The Burroughs 205
Part of California Computing
Although the earliest electronic computing devices were developed east of the Rocky Mountains, the itch to build a machine quickly spread to California. Two papers available on the Internet catch the flavor of the California computing community in the late 1940s and early 1950s.
Gruenberger gave a talk in January, 1958 at the Digital Computer
Association in which he documented the history of high-speed computing
in southern California from 1942 to 1957. It is particularly interesting in that it
documents the "demand" side of the industry as centered on the
area's booming aircraft industry.
- A Meeting Summary of the 45th anniversary meeting of the Los Angeles ACM held in July, 1999. John Alrich was at the meeting and offered a few thoughts on the contributions of CEC's Sibyl Rock and Cliff Berry.
A third paper, published by Richard Sprague in the July, 1972, Communications of the ACM, documents many of the early efforts but is limited to machines that developed out of Northrop's efforts.
East coast computing work was encouraged, communicated and documented by the Eastern Association for Computing Machines formed in 1947 largely at the instigation of Prudential's Edmund C. Berkeley. The group quickly dropped the word "Eastern" from its name as membership swelled, but meetings remained on the East Coast. This was a real hardship for Californians interested in participating. Even by air, the trip from Los Angeles to Boston was a grueling 24-hour experience, frequently involving three or four refueling stops.
Three key events brought electronic digital computer development to California. All happened in 1948.
- Paul Morton, professor of electrical engineering at the University of California, had spent the first
part of 1948 surveying the eastern computer work. He managed to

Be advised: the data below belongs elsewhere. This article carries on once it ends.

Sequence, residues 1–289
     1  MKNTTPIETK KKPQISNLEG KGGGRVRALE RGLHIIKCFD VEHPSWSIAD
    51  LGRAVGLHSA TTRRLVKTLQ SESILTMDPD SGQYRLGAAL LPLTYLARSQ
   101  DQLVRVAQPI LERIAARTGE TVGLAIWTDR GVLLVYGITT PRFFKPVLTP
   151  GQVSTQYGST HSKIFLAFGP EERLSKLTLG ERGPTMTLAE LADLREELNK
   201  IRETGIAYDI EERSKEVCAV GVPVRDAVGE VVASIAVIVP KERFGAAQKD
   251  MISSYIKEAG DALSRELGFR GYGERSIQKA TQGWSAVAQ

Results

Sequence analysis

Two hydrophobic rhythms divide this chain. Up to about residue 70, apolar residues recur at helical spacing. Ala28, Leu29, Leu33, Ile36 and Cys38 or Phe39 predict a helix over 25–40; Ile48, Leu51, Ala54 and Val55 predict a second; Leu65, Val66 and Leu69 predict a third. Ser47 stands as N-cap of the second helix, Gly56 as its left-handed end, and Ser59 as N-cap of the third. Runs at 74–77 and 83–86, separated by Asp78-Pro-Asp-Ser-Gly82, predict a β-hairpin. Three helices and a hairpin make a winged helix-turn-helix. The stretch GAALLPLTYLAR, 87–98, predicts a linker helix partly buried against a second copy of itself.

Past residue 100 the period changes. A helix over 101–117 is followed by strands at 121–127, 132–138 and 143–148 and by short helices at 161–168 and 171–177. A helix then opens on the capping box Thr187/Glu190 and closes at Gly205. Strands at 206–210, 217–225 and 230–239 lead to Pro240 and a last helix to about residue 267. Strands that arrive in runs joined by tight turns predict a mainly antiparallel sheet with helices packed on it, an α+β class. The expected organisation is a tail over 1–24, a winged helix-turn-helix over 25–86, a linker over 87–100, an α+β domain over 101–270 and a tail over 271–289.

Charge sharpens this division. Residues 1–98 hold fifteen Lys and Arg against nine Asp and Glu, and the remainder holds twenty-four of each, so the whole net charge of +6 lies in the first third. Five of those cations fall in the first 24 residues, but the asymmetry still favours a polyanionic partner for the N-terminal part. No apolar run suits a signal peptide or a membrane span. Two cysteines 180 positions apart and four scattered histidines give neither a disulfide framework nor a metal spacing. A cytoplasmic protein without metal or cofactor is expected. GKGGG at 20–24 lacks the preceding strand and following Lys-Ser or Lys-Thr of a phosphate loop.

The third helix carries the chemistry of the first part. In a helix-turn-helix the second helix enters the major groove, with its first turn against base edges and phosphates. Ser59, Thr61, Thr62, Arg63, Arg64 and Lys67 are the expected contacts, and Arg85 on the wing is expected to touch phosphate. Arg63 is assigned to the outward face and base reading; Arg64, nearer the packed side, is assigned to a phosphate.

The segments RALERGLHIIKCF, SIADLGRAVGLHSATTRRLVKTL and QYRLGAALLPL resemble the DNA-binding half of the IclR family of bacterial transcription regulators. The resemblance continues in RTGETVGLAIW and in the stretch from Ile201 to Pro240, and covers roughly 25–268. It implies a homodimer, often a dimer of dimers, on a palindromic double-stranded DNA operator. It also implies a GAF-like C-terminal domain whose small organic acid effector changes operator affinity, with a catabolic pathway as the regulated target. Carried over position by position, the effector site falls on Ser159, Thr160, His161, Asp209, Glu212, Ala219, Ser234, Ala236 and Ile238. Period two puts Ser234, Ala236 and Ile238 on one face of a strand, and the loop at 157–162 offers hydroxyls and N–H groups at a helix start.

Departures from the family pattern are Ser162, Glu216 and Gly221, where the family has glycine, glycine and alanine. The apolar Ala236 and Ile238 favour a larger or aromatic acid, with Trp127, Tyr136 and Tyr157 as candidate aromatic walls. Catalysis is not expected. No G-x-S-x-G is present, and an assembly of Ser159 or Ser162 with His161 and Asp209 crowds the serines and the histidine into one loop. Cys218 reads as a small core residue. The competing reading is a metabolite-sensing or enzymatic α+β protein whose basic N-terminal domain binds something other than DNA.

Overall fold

get Navy funding to construct a digital computer at Berkeley. Work
got underway on June 14, 1948.
- On July 29-31, 1948, the first major west coast conference on high speed
computing was held at UCLA. There were over five hundred
attendees. At this conference, the Institute for
Numerical Analysis (INA) at UCLA was dedicated. It was quite a collection of both
pioneers and beginners including Aikin, Mauchly, Goldstine and VonNeumann
from the eastern projects and Sprague, Steele and Toben of Northrup.
Cliff Berry saw to it that Consolidated Engineering Corp. was well represented. He brought along Sibyl Rock, of course, but also James Bradburn and R. F. Sink from CEC.
- Harry Huskey had worked for Eckert and Mauchly on the ENIAC and the beginnings of the EDVAC in Philadelphia. He spent the year of 1947 in England working with Alan Turing before returning to the U.S. to work at the Bureau of Standards. In early December of 1948 he and his family moved to Los Angeles to begin building the Standards Western Automatic Computer. In 18 months, SWAC would emerge at INA on the UCLA campus in June of 1950 as the world's fastest computer.
While the east coast computing projects shared information through the somewhat academic and mathematically oriented ACM, a very different group formed in southern California to interchange ideas. The Los Angeles chapter of the IRE's Professional Group on Electronic Computers provided a forum for exchange of information between the groups starting to build electronic computers. And there were many.
The PGEC group met monthly. At the January, 1951, meeting, the organizations currently working on new computers were asked to report on development and progress to date. These fourteen organizations gave reports:
- Benson - Lehner Corp.
- California Institute of Technology
- Computer Research Corporation
- Douglas Aircraft Company, Inc.
- Electro - Circuits Company
- Electronics Engineering Company.
- Hughes Aircraft Company
- Institute for Numerical Analysis
- North American Aviation, Inc.
- Northrop Aircraft Corporation
- Rand Corporation
- U. S. Naval Air Missile Test Center
- University of California College of Engineering
- William Miller Company
The PGEC group met regularly at the INA building on the UCLA campus. There were fifty members of the group present at the September, 1951, meeting when Henry Kenosian from the Burroughs research center in Philadelphia addressed the group to describe the "building blocks" used in the Burroughs Lab Computer.
Notably absent from that January, 1951, list of active projects was Consolidated Engineering Corp. In spite of Cliff Berry's advocacy, the company was not yet willing to commit to developing their own machine. On September 25, however, Burroughs' Henry Kensosian determined that CEC was "...getting ready to explore the digital computer field preparatory to getting in it. One week later, IBM's Los Angeles based scientific computing representative, Donald Pendery noted, "...a policy decision to enter the digital computer field had been made" (by CEC). A week after that, C. C. Hurd had relayed that news to Messrs. Learson and Birkenstock at IBM's NYC headquarters.
It's worth taking a closer look at several of these early California computer projects.